“Leadership for what?” This is a question that both faculty and students alike seek to answer when driving the efforts to advance and make progress on challenges. Many of the faculty within the Staley School have approached this question through the lens of leadership research.
“To meet the mission of the Staley School, we must not only provide the exceptional learning experiences we offer our undergraduates – but we must also invest ourselves in contributing research that builds the field,” Mary Tolar said. “We are committed to improving the practice and teaching of leadership – our communities and our world need and deserve the absolute best of our faculty, students, and alumni.”
Andy Wefald, Kerry Priest, Brandon Kliewer, and Tim Steffensmeier are currently conducting original research that is helping to strengthen communities and increase leadership capacity of individuals here at Kansas State, in the Manhattan community, and in other corners of the world.
Andy’s wheelhouse is quantitative research. Using his methodological abilities, he is engaged in coaching readiness research project in collaboration with Brandon Kliewer and Marcia Hornung. Andy, Brandon, and Marcia are working with the Snyder Leadership Legacy Fellows program and are developing a coaching readiness survey. This research will give insight into the effectiveness of leadership coaching.
“Having a coaching readiness survey would help us with all of the coaching that we do. We do a lot of coaching in our classes and amongst one another. We are trying to instill a coach-like culture,” said Andy.
Andy is also collaborating with Chance Lee to research iLead projects that LEAD 405 students carry out in their senior capstone course. Using qualitative research methods, Chance and Andy will identify gaps in leadership education from students’ four-year experience and what they need to move forward in their leadership development.
Kerry’s research agenda explores leadership development and community-engaged teaching and learning in higher education. As she researches the intersection of these sectors, she aims to expand the framework of leadership to forward social justice and social change.
Kerry has published five book chapters and 13 articles in refereed journals. She has shared her research findings at regional, national, and international conferences, including conferences in Canada, Spain, and Belgium.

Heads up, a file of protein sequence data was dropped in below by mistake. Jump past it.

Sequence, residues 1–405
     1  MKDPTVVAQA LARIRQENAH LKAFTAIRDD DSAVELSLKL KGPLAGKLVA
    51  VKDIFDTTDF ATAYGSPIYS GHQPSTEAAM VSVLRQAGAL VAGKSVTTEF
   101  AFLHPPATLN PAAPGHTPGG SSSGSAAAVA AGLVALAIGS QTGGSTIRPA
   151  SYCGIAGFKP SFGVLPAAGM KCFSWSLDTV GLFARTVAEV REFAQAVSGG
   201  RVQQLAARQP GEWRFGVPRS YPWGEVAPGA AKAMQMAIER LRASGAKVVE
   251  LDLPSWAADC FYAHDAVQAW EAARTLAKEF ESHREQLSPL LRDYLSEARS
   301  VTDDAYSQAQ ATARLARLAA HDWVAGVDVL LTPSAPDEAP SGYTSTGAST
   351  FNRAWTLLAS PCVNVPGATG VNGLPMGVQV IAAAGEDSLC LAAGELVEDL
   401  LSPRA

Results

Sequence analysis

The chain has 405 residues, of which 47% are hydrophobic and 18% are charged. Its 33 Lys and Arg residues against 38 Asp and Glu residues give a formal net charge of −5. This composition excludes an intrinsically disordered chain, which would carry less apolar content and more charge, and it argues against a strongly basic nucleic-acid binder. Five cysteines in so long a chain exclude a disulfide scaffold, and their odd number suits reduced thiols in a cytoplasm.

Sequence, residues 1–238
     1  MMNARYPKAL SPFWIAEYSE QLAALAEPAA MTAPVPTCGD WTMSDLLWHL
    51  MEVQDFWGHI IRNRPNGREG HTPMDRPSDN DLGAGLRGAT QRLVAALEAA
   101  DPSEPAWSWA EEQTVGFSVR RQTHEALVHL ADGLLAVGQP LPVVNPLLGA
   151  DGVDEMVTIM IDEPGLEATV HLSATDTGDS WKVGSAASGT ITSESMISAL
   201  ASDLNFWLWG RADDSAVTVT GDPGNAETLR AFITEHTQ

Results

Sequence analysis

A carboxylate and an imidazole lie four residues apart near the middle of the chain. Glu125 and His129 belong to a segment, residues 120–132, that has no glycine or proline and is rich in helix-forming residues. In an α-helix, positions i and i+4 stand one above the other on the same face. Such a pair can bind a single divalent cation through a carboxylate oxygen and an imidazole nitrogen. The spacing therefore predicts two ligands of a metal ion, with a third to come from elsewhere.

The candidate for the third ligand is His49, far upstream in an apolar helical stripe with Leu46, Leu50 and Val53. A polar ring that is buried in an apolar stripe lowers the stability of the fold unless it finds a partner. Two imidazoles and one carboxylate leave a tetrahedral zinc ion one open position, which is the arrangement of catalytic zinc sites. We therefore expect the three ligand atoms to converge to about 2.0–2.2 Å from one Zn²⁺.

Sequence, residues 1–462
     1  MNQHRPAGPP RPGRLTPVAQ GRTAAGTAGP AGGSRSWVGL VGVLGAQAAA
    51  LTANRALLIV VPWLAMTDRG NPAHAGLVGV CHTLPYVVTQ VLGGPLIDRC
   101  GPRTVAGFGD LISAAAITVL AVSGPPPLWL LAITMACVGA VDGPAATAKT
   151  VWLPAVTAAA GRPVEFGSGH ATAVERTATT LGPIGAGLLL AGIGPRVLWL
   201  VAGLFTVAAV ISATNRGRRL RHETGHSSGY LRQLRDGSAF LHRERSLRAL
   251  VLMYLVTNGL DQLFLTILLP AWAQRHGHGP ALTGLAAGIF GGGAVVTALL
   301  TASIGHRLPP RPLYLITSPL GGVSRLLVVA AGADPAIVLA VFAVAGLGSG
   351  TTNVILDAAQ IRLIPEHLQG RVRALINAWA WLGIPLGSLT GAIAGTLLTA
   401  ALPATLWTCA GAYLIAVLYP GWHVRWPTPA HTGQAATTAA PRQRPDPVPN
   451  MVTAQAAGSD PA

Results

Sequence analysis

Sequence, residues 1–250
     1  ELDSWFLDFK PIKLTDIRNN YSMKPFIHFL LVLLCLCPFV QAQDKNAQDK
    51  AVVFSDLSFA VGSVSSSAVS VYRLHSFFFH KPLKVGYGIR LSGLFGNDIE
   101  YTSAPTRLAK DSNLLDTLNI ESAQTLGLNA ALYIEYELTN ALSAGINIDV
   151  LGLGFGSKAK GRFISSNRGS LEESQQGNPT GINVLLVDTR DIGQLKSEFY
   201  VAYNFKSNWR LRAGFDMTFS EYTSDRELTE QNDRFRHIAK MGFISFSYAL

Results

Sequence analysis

Her community-engaged scholarship experiences and agenda have and will support the newly formed interdisciplinary Leadership Communication doctoral program, which will launch in the fall of 2018.
Brandon is working in partnership with Beth Wanjiku Ndirangu, a 2016 Mandela Washington Fellow. The two are engaged in a project that is tied to the U.S. State Department Reciprocal Exchange Award, allowing them to conduct original research around cross-cultural leadership coaching. Brandon and Beth will be presenting a draft of their findings at the International Association for Leadership Conference in Pretoria, South Africa this May.
Brandon is the lead researcher and coach for the Flint Hills Wellness Coalition Leadership Coaching Program. He is studying how leadership coaching can support leadership action under circumstances of uncertainty. He is exploring how the coaching process can help participants to develop the skills needed to make more complex interpretations of systems.
“I am proud to be part of the Staley School, which is committed to advancing community-engaged scholarship. One of the ways that I experience that commitment is by supporting faculty doing research that supports real-world challenges and progress. It’s exciting to be a part of an organization and academic unit that values new knowledge creation in the context of community challenges,” said Brandon.
In August 2017, the Kansas Leadership Center partnered with the Staley School, announcing the creation of a long-term research initiative. Tim is the director of the venture, which aims to research leadership development programs and the impact of people who are exercising leadership in organizations, communities, and in larger civic spaces. The research findings will establish credibility and improve methodologies and concepts that are used to carry out leadership initiatives. The long-term research initiative will be publicly announced at the Activate Conference for Leadership Developers, June 21-23, 2018 in Wichita, Kansas.
Tim is energized by the positive response of the initiative and learning that there are similar efforts and leadership development programming in other parts of the world; some of which are even directly connected to the Staley School. “We are making connections with all of those places to hopefully join together and collaborate on a more global research agenda. We want to make Kansas communities healthier, and we want K-State to be the best place to get undergrad or graduate education. We are trying to make the practice and teaching of leadership better and stronger at the Staley School, the Kansas Leadership Center, and across Kansas,” said Tim.